2006 - Ministry of Interior published a National Plan for Combating Commercial Sexual Exploitation of Children 2006 - 2008 (“CSEC NPA”) to fight against child prostitution, child trafficking, and child pornography.
2007 - Through 2012, Our Child Foundation operated the first Czech Internet Hotline in cooperation with the public, the Police and Internet service providers. Its aim was to decrease the spread of child pornography and other illegal content online. Czech President signed a law that illegalizes possession of child pornography, as well as raises the maximum jail sentence for producing and distributing child pornography from three to eight years.
2008 - Czech mobile operators signed an Agreement on Implementation of National Self-Regulation. The agreement is part of a wider European Union Framework for Safer Mobile Use by Younger Teenagers and Children which was signed by an initial fifteen signatories in February 2007. The Czech agreement includes undertakings such as the classification of content provided by the operators and commitments to conduct awareness-raising exercises around the safe use of mobile devices by children. As of April 2010, there are 83 signatory companies implementing the Framework through the roll-out of national voluntary agreements.
The Czech Government adopted the National Strategies for Prevention of Violence against Children in the Czech Republic (2008 - 2018).The plan focuses on violence prevention, creating safe communities, the development of parenting skills, fostering dialogues between children in schools and the workplace, protecting the rights of children placed in institutional care, and “facilitating understanding of the law to protect children from violence.”
2009 - Horka Linka was established by Safer Internet as a reporting mechanism for the public regarding potentially illegal online content, including, but not limited to, child sexual abuse material, child sex trafficking, bullying, self harm, and racism. As of 2015, Horka Linka has received over 15,000 reports regarding prohibited material. Horka Linka is an active member of INHOPE.
2010 - Our Children Foundation implemented Children’s Rights Support Project to raise awareness about children’s rights in primary schools and young people’s rights and obligations. A website for children was developed, where children can learn about their rights through various online games and quizzes, as well as it contains necessary telephone numbers for children who seek help or advice.
2011 - Along with 54 countries, Czech Republic has joined the Global Alliance against Child Sexual Abuse Online. The Alliance unites Ministers of the Interior and of Justice from each country to fight against Child Sexual Abuse Online, to rescue victims, to develop more effective prosecution, and to reduce the amount of child sexual abuse images available online.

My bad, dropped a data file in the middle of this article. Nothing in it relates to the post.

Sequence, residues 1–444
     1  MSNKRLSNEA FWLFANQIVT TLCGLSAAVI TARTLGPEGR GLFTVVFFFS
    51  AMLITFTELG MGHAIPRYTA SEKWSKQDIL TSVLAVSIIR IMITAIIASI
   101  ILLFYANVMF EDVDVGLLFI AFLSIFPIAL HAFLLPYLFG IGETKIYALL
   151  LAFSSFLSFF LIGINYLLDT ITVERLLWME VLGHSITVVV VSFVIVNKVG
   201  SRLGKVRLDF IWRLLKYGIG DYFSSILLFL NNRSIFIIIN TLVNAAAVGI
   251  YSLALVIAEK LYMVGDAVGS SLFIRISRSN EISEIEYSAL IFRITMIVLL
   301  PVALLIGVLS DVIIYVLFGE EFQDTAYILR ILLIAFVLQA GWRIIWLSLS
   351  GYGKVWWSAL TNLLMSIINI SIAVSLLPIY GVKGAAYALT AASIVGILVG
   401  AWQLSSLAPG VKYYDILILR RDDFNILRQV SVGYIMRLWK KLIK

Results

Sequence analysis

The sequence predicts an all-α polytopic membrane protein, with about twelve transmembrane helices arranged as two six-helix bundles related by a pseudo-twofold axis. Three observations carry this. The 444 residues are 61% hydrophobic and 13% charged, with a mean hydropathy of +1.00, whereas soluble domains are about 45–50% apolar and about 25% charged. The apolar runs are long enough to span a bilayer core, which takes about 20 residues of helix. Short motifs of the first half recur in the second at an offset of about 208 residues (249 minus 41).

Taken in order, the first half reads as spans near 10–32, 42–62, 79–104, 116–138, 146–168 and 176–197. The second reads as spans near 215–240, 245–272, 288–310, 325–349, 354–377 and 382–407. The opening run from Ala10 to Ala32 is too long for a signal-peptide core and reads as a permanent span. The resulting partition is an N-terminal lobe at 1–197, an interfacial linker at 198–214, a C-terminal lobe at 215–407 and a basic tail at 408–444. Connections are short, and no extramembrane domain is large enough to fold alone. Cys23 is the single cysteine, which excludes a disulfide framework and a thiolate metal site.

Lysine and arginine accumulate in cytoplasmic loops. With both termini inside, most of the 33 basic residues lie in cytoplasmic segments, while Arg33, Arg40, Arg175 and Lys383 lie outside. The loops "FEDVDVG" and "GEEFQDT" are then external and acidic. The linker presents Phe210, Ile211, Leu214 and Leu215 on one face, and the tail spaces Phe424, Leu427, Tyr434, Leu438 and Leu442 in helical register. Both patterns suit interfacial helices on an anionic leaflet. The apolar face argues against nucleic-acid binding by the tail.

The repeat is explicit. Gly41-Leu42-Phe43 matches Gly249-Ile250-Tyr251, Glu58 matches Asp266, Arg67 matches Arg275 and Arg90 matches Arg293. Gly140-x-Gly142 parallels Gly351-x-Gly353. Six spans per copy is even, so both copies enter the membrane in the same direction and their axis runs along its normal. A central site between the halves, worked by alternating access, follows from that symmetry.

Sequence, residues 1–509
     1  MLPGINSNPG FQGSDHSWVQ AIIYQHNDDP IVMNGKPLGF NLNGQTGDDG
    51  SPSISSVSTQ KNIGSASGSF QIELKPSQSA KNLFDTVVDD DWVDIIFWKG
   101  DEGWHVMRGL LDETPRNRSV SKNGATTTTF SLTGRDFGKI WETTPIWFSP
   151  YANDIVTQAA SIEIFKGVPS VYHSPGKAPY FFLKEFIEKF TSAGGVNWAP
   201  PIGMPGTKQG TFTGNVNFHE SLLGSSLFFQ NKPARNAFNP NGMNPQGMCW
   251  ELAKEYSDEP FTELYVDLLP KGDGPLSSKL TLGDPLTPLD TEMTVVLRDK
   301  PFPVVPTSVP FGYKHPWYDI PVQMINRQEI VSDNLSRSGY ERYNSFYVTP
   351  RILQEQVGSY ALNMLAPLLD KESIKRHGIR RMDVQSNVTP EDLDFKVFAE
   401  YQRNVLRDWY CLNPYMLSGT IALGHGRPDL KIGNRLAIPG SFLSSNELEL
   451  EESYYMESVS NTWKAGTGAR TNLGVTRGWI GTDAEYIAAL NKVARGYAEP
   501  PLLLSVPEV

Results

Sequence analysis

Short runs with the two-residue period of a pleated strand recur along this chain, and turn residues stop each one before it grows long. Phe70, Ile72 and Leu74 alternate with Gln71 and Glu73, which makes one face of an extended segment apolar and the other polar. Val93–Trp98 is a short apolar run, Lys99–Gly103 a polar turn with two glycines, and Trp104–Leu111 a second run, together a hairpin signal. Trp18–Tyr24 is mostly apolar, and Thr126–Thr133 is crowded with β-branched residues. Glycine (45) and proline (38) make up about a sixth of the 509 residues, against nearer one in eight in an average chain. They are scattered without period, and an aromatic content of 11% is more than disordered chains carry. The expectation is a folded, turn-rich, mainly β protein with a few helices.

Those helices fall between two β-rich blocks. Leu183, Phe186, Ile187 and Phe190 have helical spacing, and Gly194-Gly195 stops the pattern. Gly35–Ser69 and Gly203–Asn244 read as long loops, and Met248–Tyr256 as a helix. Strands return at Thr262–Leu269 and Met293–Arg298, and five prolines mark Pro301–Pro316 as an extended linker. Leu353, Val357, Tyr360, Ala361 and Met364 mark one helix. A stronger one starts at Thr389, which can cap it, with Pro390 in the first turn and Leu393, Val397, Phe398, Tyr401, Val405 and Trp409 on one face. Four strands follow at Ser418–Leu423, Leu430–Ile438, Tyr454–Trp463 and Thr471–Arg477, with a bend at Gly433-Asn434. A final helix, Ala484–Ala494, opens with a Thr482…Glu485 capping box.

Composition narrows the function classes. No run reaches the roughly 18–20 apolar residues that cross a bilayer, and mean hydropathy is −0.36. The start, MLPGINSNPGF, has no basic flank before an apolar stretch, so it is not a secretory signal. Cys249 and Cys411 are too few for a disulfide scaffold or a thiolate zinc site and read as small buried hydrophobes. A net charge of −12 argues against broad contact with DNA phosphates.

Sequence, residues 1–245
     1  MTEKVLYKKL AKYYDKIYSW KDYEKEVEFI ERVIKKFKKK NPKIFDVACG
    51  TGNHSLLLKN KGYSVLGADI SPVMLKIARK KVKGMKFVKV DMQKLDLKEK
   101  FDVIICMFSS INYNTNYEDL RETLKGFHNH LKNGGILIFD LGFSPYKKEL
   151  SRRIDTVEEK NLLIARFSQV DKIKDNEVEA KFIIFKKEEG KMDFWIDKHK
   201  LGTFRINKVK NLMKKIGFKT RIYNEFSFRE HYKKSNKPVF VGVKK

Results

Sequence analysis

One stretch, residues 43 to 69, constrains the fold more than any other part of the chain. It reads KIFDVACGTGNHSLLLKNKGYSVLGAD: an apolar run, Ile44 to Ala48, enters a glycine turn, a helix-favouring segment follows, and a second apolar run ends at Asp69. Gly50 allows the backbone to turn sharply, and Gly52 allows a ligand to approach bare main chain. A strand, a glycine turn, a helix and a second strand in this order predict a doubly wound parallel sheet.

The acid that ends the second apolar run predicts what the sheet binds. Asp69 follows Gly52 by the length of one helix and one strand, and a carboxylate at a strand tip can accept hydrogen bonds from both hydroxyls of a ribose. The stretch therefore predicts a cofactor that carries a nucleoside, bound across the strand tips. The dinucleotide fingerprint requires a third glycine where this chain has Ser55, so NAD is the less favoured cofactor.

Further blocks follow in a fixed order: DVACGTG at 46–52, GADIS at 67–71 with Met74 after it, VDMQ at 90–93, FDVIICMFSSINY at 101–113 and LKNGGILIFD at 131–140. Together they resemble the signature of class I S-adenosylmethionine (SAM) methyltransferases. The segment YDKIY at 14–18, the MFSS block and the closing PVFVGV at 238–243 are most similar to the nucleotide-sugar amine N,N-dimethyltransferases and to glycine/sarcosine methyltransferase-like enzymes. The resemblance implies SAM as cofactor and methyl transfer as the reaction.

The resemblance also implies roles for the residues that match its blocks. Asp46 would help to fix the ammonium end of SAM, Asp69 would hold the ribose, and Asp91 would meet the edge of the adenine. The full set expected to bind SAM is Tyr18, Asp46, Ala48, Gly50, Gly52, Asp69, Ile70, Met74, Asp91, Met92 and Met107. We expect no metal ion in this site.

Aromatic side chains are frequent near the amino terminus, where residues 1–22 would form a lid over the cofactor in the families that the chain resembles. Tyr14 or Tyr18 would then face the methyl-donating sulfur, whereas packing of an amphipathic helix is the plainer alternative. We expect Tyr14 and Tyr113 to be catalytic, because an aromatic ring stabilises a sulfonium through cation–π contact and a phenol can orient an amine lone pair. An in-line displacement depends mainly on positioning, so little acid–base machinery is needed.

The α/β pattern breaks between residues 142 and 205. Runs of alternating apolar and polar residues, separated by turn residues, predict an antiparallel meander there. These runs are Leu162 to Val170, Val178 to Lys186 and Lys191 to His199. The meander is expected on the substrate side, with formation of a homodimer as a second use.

The Czech police initiated a specialized anti-child pornography operation “Tabor” (Czech for “camp”), which resulted in a raid of over 30 homes in 12 of the 14 districts of Czech Republic confiscating 60 computers. The convicted were charged for the distribution and the production of child pornography.
The Ministry of Justice submitted to the Government a law proposal that implements a directive of the EU Parliament and the Council 2011/93/EU on combating child sexual abuse, child sexual exploitation and child pornography. The law proposes a punishment for a participation in a pornographic performance including a child, adds a subject matter that provides for a required criminal intentionality of the act, where an adult individual proposes a meeting with sexually immature children via information or communication technologies with the aim to perpetrate a criminal offence of sexual abuse, or related. Additionally, it adds a punishment for a deliberate approach to child pornography via information or communication technologies and inclusion of further offences within the criminal liability of legal persons law, of which a legal person may be prosecuted for rape, participation in a pornographic performance and facilitation of prohibited contact with a child.
2015 - Czech Republic hosted a two-day meeting in Prague where Insafe network of Safer Internet Centres exchanged knowledge and experience about online issues and trends, discussed what the future of technology holds and how it may impact the work of Awareness Centres and Helplines in Europe. The 16th Europol training course on ‘Combating the Online Sexual Exploitation of Children on the Internet’ (COSEC) This ten-day course provided training for 63 representatives from EU Member States, non-EU States and Interpol. The training was delivered by police trainers from Europol, Austria, Belgium, Czech Republic, France, Greece, Italy, New Zealand, Portugal, and Ireland.